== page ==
Rachel Litner of lotus823: Why you need to work ‘on’ the business not ‘in’ the business

Work on the business not in the business — This is much easier said than done, especially in the early years of running a business. However, the most successful CEOs delegate what can be delegated, surround themselves with the right people, and stay laser-focused on “what’s next” for the business and growing the revenue stream.

As a part of our series about strong women leaders, I had the pleasure of interviewing Rachel Litner.

Rachel Litner is a seasoned professional with more than 30 years of public relations, marketing and expertise. As Chief Strategy Officer, she spearheads global business plans to expand lotus823’s presence and growth in the consumer lifestyle space. Her diverse background as an in-house PR executive, magazine editor, and an agency principal plays an instrumental role in creating new growth strategies for clients and the company as a whole.

Thank you so much for doing this with us! Before we dig in, our readers would like to get to know you a bit more. Can you tell us a bit about your “backstory”? What led you to this particular career path?

I’ve always had a passion for writing, dating back to my early career as a trade editor for various toy, hobby and home publications. While I was at Home Furnishings Daily (now HFN), Conair Corporation asked me to create the first in-house PR department for the company. While I didn’t have any formal training in PR, I knew that I loved Conair, understood what editors needed, and that I was ready for a change. It turned out to be one of my best career decisions, and laid the foundation for lifelong industry relationships and a great passion for the housewares business.

After Conair, I held various in-house marketing positions at The CIT Group, and eventually started my own PR agency, Rachel Litner Associates (RLA) in 1996 that specialized in the home and lifestyle space. As the media industry increasingly expanded to digital, I sold RLA to lotus823 in 2017 to expand my scope with lotus’ deep integrated marketing expertise and consumer tech experience. Our collective synergies continue to energize me to this day, as I am fortunate enough to work with a super passionate team led by two visionary co-founders David and Allison Hernandez.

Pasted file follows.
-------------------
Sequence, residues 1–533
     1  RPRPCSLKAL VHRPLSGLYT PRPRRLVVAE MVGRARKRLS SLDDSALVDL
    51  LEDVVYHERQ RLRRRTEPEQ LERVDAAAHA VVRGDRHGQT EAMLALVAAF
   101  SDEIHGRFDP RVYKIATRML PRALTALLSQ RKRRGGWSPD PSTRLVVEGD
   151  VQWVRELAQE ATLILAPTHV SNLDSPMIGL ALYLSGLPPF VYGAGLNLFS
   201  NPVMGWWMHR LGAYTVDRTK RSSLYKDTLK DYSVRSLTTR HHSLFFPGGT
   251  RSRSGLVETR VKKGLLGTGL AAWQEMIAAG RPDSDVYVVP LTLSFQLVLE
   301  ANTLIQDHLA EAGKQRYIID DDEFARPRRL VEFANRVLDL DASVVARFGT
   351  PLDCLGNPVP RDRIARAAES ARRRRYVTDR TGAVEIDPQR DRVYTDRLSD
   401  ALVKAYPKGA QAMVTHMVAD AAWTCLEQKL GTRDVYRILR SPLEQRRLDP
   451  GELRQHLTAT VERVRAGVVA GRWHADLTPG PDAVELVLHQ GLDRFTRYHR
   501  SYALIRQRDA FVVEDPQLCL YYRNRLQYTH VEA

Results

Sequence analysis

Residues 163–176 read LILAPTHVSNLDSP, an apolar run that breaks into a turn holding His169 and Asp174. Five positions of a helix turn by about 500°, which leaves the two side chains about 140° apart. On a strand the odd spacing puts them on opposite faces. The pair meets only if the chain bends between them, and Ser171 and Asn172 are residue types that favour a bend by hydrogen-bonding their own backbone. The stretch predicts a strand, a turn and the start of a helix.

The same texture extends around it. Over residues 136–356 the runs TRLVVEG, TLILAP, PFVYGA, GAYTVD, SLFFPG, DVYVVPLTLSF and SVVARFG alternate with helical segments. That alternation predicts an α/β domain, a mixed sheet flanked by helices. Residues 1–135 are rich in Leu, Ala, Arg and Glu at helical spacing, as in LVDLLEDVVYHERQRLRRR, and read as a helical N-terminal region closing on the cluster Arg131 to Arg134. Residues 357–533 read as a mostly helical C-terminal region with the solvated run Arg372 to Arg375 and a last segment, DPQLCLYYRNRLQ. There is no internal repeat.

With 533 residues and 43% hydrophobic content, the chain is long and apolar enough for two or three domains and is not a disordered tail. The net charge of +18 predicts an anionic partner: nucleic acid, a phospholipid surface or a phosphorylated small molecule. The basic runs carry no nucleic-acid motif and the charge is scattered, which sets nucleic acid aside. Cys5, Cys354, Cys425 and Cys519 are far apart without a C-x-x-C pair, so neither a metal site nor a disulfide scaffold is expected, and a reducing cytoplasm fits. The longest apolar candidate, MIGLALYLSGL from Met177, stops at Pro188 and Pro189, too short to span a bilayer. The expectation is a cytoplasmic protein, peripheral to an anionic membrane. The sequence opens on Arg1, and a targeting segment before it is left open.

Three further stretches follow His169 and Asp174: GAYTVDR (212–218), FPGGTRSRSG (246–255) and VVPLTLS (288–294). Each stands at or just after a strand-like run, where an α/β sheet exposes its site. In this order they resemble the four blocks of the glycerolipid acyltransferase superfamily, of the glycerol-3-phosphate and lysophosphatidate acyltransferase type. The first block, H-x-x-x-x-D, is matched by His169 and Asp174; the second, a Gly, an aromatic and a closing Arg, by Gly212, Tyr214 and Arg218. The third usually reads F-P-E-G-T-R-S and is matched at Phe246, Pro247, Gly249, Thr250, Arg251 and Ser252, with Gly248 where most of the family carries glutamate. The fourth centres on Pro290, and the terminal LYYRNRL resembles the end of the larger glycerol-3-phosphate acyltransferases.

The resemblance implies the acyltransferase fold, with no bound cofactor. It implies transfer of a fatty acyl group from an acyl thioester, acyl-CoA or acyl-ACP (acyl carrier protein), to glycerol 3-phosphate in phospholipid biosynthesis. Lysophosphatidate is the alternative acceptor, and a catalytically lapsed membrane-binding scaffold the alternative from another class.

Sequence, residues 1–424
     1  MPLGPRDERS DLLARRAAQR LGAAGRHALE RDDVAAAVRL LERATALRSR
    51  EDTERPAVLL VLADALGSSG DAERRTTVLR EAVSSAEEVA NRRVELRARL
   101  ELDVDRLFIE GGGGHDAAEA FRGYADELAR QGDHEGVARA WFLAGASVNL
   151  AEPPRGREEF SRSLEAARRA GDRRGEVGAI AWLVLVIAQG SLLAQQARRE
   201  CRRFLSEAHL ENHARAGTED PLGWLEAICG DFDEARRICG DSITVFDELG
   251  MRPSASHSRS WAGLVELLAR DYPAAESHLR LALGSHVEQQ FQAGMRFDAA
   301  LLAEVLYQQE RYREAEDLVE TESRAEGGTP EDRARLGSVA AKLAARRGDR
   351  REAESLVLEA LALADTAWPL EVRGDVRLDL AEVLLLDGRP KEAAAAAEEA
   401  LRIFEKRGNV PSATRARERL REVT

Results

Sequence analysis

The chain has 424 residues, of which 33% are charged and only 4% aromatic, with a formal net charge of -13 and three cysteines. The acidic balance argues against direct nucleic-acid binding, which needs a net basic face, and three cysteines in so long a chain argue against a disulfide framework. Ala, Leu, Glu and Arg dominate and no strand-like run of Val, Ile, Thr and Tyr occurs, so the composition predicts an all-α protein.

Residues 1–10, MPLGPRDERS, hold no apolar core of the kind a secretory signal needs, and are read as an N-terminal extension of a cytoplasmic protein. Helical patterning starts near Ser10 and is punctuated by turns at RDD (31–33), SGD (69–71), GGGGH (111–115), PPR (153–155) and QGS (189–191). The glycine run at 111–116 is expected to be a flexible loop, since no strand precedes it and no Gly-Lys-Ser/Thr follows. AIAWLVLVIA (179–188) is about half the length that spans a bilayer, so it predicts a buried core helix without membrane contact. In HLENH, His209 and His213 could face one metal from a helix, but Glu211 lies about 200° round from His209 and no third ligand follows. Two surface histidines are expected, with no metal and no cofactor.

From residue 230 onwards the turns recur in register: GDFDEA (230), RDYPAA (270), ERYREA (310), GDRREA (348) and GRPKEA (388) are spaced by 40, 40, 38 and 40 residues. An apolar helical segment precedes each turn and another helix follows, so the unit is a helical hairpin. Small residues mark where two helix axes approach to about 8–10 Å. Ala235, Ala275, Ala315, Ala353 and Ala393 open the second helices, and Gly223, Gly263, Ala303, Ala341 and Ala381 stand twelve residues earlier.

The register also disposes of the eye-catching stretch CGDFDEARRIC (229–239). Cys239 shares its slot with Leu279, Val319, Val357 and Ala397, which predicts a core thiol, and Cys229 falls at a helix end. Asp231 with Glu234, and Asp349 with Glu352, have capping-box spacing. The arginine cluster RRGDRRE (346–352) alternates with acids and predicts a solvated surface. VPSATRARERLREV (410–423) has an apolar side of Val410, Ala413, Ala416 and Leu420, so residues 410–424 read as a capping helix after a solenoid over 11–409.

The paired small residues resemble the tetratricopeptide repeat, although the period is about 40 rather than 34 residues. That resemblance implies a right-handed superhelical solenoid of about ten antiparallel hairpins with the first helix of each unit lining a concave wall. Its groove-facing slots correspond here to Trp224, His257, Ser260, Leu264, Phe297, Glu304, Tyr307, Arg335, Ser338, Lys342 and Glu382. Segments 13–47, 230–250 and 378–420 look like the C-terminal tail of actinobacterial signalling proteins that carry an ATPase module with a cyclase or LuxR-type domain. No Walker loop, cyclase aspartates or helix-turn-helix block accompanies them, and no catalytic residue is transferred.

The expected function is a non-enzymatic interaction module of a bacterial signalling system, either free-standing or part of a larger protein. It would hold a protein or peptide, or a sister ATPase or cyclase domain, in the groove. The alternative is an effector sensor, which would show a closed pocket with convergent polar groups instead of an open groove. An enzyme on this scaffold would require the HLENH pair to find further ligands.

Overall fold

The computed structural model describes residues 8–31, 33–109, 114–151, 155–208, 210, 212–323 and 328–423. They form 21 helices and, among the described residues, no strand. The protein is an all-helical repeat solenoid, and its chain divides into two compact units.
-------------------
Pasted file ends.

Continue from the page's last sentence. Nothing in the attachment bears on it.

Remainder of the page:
Can you share the most interesting story that happened to you since you began leading your company?

There are so many to choose from, but the most interesting and unusual story was getting a call from the CEO of a major regional restaurant client on a Saturday night/Halloween Eve, to write a company statement addressing the fact that a customer was allegedly poisoned by his wife at the restaurant. My colleague and I were each out of town at parties, so we drafted the copy in costume and worked with the local newspapers throughout the night.

Can you share a story about the funniest mistake you made when you were first starting? Can you tell us what lesson you learned from that?

In my first year at RLA, I pitched UPS on a big PR proposal and the meeting went very well. I was super excited about the opportunity. Then I sent a copy of the proposal to the prospect in a FedEx envelope. Needless to say, they didn’t sign on as a client.

None of us are able to achieve success without some help along the way. Is there a particular person who you are grateful towards who helped get you to where you are? Can you share a story about that?

My husband, Steve, is a huge source of support and inspiration throughout my professional (and personal) life. I can’t imagine starting RLA without him — he was the one who encouraged me to start the business and has lived through all the highs and lows of being a sole business owner at RLA with me and throughout my journey.

In my work, I often talk about how to release and relieve stress. As a busy leader, what do you do to prepare your mind and body before a stressful or high stakes meeting, talk, or decision? Can you share a story or some examples?

I’m a real geek when it comes to research and due diligence for prep on business calls or meetings. At the same time, taking a few minutes before the actual meeting to step back, listen to a quick meditation or music, or get outside is super beneficial and helps keep me centered and grounded for the conversation. The most engaging and productive conversations start with active listening, and ultimately lead to an informative dialogue and meaningful connection.

As you know, the United States is currently facing a very important self-reckoning about race, diversity, equality and inclusion. This may be obvious to you, but it will be helpful to spell this out. Can you articulate to our readers a few reasons why it is so important for a business or organization to have a diverse executive team?